“What we should be looking at the most right now is what the cost is for each firm, what it’s going to cost us and which firm is going to do us the best job,” said David McCleary, R-6. “They’re (both) going to send the bid out to basically the same people.”

“The chances are real good that would be a local contractor doing the work,” Bellis said.

Austin wanted to make sure the board knew what Architechnics and RTM have provided are “the very first preliminary estimates.”

“Having (an Excel spreadsheet with) all the line items in there would be good (to study for next month’s meeting),” he said. “You just call it an ‘estimated budget worksheet’ right at the top, right in the header. No one will think it’s an actual bid. Then we’ll go from there.”

In other action, the Board:

  • Approved a resolution granting a special use permit to 789 N 550th Ave, LLC and its parent company, Summit Ridge Energy, LLC, for the construction and operation of a 2.125 MWac (megawatt alternating current) commercial solar energy facility known as the Quincy-McNay Solar Project in Fall Creek Township.
  • Reappointed Melvin Moellring to the Central Adams Fire Protection District.
  • Approved one-day liquor permits for the Central Illinois Wrestling Corporation’s “Summer Fest 2024” on July 13 in Camp Point’s Bailey Park, the Adams County Fair from July 24-30, a tractor pull on the Adams County Fairgrounds on June 30 and the Golden Fall Festival on Sept. 6-8.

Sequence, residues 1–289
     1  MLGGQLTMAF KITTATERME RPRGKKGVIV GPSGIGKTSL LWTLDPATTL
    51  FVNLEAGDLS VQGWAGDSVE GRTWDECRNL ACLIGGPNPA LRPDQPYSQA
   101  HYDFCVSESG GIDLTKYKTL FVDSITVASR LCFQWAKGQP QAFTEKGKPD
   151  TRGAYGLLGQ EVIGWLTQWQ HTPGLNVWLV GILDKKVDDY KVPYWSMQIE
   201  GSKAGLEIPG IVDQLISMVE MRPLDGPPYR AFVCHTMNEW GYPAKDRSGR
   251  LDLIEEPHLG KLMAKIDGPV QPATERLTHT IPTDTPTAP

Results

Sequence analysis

• Approved pyrotechnic display requests for Andy Frazier with Oak Wood Acres on July 5, Rob Ebbing on July 13-14, Spring Lake Association on July 6, the Village of Camp Point  on July 4 and Sheridan Swim Club on July 4.
  • Learned the average daily population in the Adams County Jail was 120 in May.
  • Learned 74 deaths were recorded in Adams County in May.
  • Approved an additional fund appropriation from Adams County Sheriff Tony Grootens for $19,900 in a COVID-19 expense account. “It’s just a legacy account with $19,900 in it,” Austin said. “The sheriff is asking to open up the expense side so they can use that money. We’ll use it down to zero and close the account.”
  • Transferred $5,000 from a contingency fund to a Supervisor of Assessment Fee Appraisals fund. Austin said this money will allow Supervisor of Assessments Georgene Zimmerman to perform an appraisal on a value-disputed property. “This (transfer) gets her up to where she needs to be to cover that,” he said.
  • Learned the county must spend its remaining American Rescue Plan Act (ARPA) money by the end of the year. Austin said the county has “somewhere around about $280,000” of unallocated money, and another $200,000 was budgeted for the riverfront underground burial line project that isn’t moving forward. 
  • Appointed Rich Zeidler to the 377 Board (which oversees the care and treatment of people with a developmental disability).
Stephanie Ogle, a deputy treasurer in Adams County, was recognized during Tuesday night’s Adams County Board meeting. Adams County Treasurer Bryden Cory gave her an award for being the “heart and soul of our civil side of the courthouse.” Ogle has worked in the treasurer’s office since 1992. “She’s somebody who I’ve never heard a bad word about,” Cory said. “When you work in an office where people aren’t always happy when they come, she’s never said ‘no’ or ‘I can’t’ or ‘I won’t.'” At left is Kent Snider, president of the Adams County Board. | David Adam